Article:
New York, March 30, 2018–The Committee to Protect Journalists today condemned the actions taken by Egyptian authorities against media outlets and journalists reporting on the country’s presidential election, which took place March 26-28.
Authorities blocked news websites, threatened journalists with retaliatory actions if their reporting was “unethical,” and are reviewing at least one publication for reporting on alleged election irregularities, according to media reports.
“Egyptian authorities must stop intimidating and punishing journalists who have simply done their jobs,” said CPJ Middle East and North Africa Coordinator Sherif Mansour. “If the government truly conducted free and fair elections, then it should welcome the scrutiny of the press, rather than trying to intimidate reporters.”
CPJ’s requests for comment sent via email to Egyptian regulator the State Information Center (SIS) and the prosecutor general’s office were not immediately answered.
Attempts to silence reporting on Egypt’s presidential elections include:
- The head of Egypt’s State Information Center, Dia Rashwan, yesterday in a statement criticized foreign coverage — without naming outlets or journalists–for reporting low turnout in the re-election of President Abdel Fattah el-Sisi. Rashwan also said that the coverage was balanced overall, but that SIS would summon outlets if their reporting was “unethical.”
- The news website Al Manassa said in a statement that its website was blocked inside Egypt on Thursday evening after it published last week a critical report alleging election violations, government bias, and vote buying. CPJ was unable to determine how the website was blocked or if the website is now visible in Egypt. According to the statement, Al Manassa readers informed the staff that they were unable to access the website and sent screenshots of the block.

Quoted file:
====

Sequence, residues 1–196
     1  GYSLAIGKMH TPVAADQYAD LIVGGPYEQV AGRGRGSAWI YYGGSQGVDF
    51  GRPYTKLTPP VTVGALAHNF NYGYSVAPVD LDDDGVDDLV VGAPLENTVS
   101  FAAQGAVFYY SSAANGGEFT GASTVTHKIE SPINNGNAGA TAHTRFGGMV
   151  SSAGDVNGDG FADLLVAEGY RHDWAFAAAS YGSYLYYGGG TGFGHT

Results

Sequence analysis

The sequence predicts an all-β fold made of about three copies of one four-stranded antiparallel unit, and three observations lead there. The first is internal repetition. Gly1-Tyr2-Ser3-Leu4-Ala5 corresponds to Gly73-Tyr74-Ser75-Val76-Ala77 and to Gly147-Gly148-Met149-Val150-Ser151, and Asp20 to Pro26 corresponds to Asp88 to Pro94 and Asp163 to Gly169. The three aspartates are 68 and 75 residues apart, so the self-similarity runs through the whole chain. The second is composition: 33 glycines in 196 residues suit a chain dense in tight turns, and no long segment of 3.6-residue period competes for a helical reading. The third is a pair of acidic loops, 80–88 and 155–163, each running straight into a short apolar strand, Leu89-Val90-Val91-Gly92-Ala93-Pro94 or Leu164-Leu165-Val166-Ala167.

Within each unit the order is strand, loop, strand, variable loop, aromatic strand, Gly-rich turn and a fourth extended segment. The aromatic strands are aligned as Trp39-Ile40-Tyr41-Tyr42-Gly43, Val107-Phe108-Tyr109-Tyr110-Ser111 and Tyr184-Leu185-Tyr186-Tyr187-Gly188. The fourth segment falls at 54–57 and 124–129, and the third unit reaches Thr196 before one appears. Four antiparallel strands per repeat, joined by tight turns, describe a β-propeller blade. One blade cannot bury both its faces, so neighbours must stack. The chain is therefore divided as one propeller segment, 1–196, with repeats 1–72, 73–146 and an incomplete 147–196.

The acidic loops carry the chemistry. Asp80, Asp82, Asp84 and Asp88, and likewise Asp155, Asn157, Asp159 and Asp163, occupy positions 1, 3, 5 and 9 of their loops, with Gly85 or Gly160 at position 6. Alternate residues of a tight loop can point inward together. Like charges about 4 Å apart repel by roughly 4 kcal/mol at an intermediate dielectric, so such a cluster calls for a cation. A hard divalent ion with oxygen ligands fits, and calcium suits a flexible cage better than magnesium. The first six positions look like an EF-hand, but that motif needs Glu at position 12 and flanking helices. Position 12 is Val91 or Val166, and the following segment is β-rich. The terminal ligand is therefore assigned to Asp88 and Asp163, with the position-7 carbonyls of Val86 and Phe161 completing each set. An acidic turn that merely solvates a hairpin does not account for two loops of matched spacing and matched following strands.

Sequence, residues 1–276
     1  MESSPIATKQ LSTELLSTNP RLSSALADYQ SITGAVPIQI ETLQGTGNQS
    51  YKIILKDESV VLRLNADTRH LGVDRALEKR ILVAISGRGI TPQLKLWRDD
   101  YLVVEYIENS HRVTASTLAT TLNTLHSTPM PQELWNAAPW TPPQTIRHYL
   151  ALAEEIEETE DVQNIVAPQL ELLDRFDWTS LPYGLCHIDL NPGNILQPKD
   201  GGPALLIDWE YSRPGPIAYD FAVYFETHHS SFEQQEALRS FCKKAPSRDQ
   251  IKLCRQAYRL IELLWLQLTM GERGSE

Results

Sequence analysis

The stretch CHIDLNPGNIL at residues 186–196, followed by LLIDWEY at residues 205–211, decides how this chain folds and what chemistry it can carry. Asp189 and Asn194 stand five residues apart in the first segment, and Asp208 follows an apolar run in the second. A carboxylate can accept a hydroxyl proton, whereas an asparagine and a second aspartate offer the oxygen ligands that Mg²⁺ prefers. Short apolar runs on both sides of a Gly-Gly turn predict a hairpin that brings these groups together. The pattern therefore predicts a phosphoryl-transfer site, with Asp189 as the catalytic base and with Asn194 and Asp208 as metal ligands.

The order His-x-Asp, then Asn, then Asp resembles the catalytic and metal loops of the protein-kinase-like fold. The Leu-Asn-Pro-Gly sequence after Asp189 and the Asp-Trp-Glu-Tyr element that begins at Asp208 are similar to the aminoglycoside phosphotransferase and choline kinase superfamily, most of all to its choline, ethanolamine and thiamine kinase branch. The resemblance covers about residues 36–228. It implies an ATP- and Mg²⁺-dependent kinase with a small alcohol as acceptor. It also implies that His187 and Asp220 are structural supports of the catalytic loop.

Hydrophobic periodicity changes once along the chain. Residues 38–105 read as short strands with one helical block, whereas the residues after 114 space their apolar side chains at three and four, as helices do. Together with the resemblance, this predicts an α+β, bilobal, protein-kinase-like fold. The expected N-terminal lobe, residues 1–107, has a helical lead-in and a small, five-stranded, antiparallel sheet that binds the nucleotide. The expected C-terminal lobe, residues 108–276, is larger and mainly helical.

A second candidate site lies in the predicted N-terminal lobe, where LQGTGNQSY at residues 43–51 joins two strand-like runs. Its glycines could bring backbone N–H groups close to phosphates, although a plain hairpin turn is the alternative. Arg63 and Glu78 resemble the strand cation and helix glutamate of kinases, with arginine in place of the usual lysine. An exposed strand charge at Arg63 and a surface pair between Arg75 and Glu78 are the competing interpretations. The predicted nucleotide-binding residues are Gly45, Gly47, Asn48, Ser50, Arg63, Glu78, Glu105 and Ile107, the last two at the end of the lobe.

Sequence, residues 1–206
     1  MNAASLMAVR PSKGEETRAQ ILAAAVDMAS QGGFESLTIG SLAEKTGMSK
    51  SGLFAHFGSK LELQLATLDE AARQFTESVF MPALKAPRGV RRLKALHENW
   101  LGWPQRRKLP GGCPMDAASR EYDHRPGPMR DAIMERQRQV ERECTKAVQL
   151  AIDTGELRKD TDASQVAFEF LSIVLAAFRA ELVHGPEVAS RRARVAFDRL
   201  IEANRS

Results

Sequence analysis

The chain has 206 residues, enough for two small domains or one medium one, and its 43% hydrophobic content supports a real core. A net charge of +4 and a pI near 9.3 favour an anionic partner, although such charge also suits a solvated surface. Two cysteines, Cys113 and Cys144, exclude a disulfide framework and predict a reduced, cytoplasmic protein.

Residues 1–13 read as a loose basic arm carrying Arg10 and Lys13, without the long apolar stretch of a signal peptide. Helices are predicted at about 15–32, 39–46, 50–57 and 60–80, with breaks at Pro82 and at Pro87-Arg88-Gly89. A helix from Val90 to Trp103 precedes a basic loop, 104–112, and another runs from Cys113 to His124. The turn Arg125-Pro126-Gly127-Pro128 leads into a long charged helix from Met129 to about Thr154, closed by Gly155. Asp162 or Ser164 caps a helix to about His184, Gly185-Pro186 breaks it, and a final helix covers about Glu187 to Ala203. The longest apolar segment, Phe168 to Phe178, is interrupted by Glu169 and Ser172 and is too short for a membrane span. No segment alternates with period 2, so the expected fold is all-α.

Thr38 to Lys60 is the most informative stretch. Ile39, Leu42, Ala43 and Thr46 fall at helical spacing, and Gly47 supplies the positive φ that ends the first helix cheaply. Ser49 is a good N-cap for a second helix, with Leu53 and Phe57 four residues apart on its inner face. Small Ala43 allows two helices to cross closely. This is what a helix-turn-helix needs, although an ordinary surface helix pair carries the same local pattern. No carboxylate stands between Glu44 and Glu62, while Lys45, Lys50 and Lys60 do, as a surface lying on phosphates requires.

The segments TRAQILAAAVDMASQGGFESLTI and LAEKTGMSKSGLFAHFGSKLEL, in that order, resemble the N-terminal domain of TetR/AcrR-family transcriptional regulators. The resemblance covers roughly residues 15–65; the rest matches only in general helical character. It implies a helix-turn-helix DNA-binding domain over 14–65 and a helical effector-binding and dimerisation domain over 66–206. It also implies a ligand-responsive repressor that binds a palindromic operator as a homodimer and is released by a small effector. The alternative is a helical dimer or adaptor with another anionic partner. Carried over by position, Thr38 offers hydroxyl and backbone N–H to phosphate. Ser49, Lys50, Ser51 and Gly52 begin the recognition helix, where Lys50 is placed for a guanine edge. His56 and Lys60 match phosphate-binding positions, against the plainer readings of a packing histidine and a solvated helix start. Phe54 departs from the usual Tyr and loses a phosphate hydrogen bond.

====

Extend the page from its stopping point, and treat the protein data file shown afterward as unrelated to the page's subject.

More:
- The country’s media regulator, the High Council for Media said that it will discuss tomorrow complaints made by a pro-government lawyer, Samir Sabry, against the daily al-Masry al-Youm, and decide if the paper violated election law by downplaying el-Sisi’s opponents in the race and alleging that the government offered cash payments and made promises to fix infrastructure to increase voter turnout, according to news reports. Al-Masry al-Youm, which generally follows a pro-government editorial line, yesterday published a statement defending its reporting and renewing its support for el-Sisi.
- Sabry yesterday asked the prosecutor general to open a case against al-Masry al-Youm. The prosecutor general approved the request and referred the case to national security prosecutors, according to a tweet from the newspaper’s journalist Mohamed Said Abdel Hafiz and a former member of the Egyptian Journalists’ Syndicate Khaled al-Belshi who was quoted in the government-owned al-Ahram newspaper. CPJ was unable to determine if the case would go to trial.
This month, Egypt’s Supreme Council for Media Regulation–a body set up in 2016 under a decree by el-Sisi–banned several entertainment and satirical shows on moral grounds, CPJ documented at the time.
Since May 2017, Egyptian authorities have blocked at least 496 websites of news outlets, blogs, human rights organizations, and circumvention tools used to bypass the blocks, according to the AFTE and the U.S. based Open Observatory of Network Interference.